We assess with high confidence that Iran carried out an influence campaign during the 2020 US election season intended to undercut the reelection prospects of former President Trump and to further its longstanding objectives of exacerbating divisions in the US, creating confusion, and undermining the legitimacy of US elections and institutions. (Intelligence Community Assessment, 5)

As far as China, the IC, in contrast to its fall assessments, stated that “China did not deploy interference efforts and considered but did not deploy influence efforts intended to change the outcome of the US presidential election.” This decision by China not to actively seek to influence the election was likely due in part to a Chinese belief that “its traditional influence tools, primarily targeted economic measures and lobbying key individuals and interest groups, would be sufficient to achieve its goal of shaping US policy regardless of who won the election”, as well as the fear that the “risk of interference was not worth the reward.” (Intelligence Community Assessment, 7)

The IC report does note that the National Intelligence Officer for Cyber disagreed with this view, assessing with moderate confidence that the Chinese made some modest efforts to influence the election campaign to Trump’s detriment.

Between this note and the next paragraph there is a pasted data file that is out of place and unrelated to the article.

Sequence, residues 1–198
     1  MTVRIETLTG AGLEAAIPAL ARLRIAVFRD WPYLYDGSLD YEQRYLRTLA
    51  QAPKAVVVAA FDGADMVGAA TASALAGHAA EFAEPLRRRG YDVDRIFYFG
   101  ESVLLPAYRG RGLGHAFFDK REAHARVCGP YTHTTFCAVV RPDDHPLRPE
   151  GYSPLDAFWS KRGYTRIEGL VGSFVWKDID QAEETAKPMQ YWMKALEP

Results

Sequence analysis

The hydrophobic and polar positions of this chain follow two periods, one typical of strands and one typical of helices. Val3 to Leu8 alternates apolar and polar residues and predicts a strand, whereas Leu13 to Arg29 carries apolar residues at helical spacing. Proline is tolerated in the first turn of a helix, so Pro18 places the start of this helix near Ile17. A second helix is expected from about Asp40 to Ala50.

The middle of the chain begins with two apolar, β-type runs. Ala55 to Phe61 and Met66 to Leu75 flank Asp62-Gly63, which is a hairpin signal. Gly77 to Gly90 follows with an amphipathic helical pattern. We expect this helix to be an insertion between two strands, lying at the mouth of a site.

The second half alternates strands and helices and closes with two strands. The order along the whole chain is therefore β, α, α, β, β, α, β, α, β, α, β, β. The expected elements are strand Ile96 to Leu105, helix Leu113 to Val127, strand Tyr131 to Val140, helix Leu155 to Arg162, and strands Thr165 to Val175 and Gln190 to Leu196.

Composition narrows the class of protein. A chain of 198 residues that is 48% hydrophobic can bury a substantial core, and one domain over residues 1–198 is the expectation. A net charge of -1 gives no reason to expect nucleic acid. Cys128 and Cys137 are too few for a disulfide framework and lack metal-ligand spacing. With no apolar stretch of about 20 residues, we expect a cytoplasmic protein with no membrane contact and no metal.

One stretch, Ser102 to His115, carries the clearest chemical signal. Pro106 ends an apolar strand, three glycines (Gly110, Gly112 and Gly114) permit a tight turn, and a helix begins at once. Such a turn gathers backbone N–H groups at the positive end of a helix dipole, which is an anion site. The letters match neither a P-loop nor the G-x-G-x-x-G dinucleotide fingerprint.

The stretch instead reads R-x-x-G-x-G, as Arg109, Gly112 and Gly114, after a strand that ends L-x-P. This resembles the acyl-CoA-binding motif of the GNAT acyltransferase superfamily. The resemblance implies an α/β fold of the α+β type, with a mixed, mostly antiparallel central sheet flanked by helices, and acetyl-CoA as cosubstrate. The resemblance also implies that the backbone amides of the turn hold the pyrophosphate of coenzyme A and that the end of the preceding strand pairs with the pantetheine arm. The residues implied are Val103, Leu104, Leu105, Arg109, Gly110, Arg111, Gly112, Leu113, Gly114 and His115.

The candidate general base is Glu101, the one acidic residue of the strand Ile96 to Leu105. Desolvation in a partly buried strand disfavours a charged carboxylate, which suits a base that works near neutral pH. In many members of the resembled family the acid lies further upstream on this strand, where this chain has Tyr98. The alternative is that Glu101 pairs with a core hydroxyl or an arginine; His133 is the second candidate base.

Russian Election Influence Efforts:

One thing the IC assessment makes abundantly clear is that, just as in 2016, Russia was the major foreign state source of efforts to influence the US election process.

We assess that President Putin and the Russian state authorized and conducted influence operations against the 2020 US presidential election aimed at denigrating President Biden and the Democratic Party, supporting former President Trump, undermining public confidence in the electoral process,and exacerbating sociopolitical divisions in the US. (Intelligence Community Assessment, 2)

Confirming previously released information, the March 16 assessment noted that the Russians utilized influence assets in Ukraine to “launder influence narratives–including misleading or unsubstantiated allegations against President Bidenthrough US media organizations, US officials, and prominent US individuals, some of whom were close to former President Trump and his administration.” (Intelligence Community Assessment, 2)